• Margulis and Sagan (1986, p. 67) use 1012
  • But in the French translation of their book they write: “The human body is made up of 1016 (10 million billion) animal cells and 1017 (100 million billion) bacterial cells” (1989, p. 65).
  • The difference between 1012 and 1016 is of the order of 10,000!

To calculate the total length of the DNA in a human body, I chose the figure that seems to be the most widely used, and that is halfway between the extremes.

  • When I write that our body contains 125 billion miles of DNA, or 200 billion kilometers, it is merely a rough estimate;
  • The true number could be 100 times greater, or smaller.

Finally, a Boeing 747 traveling for 75 years at 1,000 km/h would travel 657 million kilometers,

  • Which is 0.32 percent of 200 billion kilometers;
  • The average distance between Saturn and the Sun is 1,427,000,000 kilometers.

[7] Most cells contain between 70 and 80 percent water.

  • According to Margulis and Sagan (1986):
    “The concentrations of salts in both sea-water and blood are, for all practical purposes, identical. The proportions of sodium, potassium, and chloride in our tissues are intriguingly similar to those of the worldwide ocean. … we sweat and cry what is basically seawater” (p. 183-184).
  • Without water, a cell cannot function; as De Duve (1984) writes:
    “Even the hardiest bacteria need some moisture around them. They may survive complete dryness, but only in a dormant state, with all their processes arrested until they are reawakened by water” (p. 21).
  • On the relationship between water and the shape of the DNA double helix, see Calladine and Drew (1992), who write:
    “We see right away how DNA forms a spiral or helix on account of the low solubility in water of the bases” (p. 21).

All the cells in the world contain DNA — be they animal, vegetal, or bacterial — and they are all filled with salt water, in which the concentration of salt is similar to that of the worldwide ocean.

DNA is the informational
molecule of life
  • We cry and sweat what is essentially seawater.
  • DNA bathes in water, which in turn plays a crucial role in establishing the double helix's shape.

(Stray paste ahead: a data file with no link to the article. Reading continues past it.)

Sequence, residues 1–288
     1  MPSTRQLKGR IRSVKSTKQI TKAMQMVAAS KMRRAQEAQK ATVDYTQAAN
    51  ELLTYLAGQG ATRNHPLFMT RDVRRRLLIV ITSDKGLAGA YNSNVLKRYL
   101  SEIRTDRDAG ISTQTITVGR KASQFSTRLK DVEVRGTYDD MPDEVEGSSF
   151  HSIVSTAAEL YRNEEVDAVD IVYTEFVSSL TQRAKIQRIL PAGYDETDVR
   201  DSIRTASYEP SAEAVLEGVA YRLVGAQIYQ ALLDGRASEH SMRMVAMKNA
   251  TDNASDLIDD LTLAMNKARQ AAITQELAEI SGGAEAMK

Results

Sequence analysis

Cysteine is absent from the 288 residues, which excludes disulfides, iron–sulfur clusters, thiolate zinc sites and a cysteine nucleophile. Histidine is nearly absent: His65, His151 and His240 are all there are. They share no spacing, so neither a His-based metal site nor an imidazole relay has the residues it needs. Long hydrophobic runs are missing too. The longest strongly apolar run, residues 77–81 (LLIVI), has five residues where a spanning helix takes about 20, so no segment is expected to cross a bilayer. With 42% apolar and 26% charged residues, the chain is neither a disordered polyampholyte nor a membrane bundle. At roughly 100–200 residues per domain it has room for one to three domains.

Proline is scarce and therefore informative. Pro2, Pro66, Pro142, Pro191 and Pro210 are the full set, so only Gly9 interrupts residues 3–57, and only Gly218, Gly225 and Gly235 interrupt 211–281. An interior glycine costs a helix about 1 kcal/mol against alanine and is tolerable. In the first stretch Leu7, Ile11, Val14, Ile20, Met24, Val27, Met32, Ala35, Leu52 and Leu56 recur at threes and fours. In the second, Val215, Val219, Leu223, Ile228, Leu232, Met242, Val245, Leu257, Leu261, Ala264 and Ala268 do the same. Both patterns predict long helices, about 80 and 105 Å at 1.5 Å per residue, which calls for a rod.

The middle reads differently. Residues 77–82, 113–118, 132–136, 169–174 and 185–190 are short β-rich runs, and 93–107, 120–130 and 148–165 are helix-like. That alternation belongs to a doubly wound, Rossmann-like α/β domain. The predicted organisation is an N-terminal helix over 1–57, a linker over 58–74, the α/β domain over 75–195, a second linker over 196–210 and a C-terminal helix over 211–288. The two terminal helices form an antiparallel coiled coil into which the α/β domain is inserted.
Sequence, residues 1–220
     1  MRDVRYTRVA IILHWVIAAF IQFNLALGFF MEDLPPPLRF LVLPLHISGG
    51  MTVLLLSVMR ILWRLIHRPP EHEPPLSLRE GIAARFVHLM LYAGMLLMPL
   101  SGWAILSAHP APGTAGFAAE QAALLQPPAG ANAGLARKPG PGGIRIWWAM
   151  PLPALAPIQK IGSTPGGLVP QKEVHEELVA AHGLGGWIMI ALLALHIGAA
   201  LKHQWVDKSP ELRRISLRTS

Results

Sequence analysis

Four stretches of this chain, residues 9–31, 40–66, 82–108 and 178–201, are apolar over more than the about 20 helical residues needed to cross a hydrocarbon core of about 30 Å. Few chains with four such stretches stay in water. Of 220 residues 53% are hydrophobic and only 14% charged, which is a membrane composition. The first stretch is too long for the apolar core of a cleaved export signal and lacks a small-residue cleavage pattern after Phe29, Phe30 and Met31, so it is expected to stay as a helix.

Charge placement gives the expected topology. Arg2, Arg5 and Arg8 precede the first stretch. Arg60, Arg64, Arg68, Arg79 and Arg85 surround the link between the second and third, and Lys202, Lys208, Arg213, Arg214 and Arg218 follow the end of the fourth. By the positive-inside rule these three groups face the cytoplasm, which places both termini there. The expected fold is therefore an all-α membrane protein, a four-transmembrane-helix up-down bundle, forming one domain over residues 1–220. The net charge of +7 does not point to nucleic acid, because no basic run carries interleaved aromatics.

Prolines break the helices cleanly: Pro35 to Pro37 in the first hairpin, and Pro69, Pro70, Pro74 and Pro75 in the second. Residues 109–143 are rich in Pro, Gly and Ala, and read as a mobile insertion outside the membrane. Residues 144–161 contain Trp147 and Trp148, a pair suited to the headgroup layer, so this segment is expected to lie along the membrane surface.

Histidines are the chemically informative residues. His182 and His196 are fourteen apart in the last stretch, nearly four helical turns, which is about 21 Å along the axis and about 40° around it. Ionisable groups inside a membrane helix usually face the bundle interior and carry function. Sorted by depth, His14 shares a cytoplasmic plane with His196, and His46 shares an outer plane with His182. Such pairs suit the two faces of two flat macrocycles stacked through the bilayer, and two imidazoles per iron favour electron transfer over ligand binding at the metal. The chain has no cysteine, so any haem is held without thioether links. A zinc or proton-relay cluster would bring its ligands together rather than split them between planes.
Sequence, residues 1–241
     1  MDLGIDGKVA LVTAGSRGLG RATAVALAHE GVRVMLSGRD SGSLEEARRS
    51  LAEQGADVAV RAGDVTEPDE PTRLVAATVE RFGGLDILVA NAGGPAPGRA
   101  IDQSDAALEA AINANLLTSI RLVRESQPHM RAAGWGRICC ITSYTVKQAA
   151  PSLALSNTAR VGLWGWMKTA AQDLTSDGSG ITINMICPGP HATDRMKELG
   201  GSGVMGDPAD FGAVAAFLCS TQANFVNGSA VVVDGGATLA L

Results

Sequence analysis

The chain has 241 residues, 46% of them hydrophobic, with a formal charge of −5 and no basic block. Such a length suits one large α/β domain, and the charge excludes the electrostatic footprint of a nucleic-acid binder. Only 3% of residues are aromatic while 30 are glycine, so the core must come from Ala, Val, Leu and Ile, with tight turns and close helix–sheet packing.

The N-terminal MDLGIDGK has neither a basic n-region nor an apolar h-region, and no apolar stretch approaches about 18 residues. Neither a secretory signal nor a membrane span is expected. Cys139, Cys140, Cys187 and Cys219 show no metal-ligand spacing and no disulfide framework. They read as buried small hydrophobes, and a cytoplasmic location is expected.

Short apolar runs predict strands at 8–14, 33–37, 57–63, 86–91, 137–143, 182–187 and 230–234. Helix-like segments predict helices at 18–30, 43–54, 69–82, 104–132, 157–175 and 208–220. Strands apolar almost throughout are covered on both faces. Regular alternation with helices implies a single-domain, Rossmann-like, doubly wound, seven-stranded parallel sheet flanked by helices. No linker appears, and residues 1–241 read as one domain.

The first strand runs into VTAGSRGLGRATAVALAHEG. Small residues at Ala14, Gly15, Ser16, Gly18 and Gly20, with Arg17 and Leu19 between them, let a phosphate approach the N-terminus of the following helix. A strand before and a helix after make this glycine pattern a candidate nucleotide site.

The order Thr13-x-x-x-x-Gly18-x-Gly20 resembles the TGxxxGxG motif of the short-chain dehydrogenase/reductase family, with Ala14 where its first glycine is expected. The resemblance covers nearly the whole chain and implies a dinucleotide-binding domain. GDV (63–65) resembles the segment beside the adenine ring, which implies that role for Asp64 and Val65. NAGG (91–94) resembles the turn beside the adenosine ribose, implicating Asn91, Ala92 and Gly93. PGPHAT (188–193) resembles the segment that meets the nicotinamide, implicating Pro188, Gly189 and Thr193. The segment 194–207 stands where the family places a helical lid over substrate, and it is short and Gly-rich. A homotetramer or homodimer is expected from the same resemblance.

• As DNA's four bases (adenine, guanine, cytosine, and thymine) are insoluble in water, they tuck themselves into the center of the molecule where they associate in pairs to form the rungs of the ladder; then they twist up into a spiraled stack to avoid contact with the surrounding water molecules.
  • DNA's twisted ladder shape is a direct consequence of the cell's watery environment.[7]
  • DNA goes together with water, just like mythical serpents do.

From Watson (1968, p. 165).

The DNA molecule is a single long chain made up of two interwoven ribbons that are connected by the four bases.

  • These bases can only match up in specific pairs — A with T, G with C.
  • Any other pairing of the bases is impossible, because of the arrangement of their individual atoms: A can bond only with T, G only with C.

This means that one of the two ribbons is the back-to-front duplicate of the other and that the genetic text is double:

  • It contains a main text on one of the ribbons, which is read in a precise direction by the transcription enzymes.
  • And a backup text, which is inverted and most often not read.

The second ribbon plays two essential roles.

  • It allows the repair enzymes to reconstruct the main text in case of damage.
  • And, above all, it provides the mechanism for the duplication of the genetic message.
  • It suffices to open the double helix as one might unzip a zipper, in order to obtain two separate and complementary ribbons that can then be rebuilt into double ribbons by the duplication enzymes.